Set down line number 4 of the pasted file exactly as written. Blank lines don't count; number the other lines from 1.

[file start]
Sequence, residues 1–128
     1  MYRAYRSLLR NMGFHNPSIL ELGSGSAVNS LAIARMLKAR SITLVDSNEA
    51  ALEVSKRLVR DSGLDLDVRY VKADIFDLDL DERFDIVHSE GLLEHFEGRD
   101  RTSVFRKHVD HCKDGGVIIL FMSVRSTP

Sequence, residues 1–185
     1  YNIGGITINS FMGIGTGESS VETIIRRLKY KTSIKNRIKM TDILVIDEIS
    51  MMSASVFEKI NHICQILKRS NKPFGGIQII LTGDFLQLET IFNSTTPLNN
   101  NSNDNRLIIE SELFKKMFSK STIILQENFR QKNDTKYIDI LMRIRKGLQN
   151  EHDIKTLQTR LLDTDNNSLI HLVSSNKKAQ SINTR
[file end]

   101  RTSVFRKHVD HCKDGGVIIL FMSVRSTP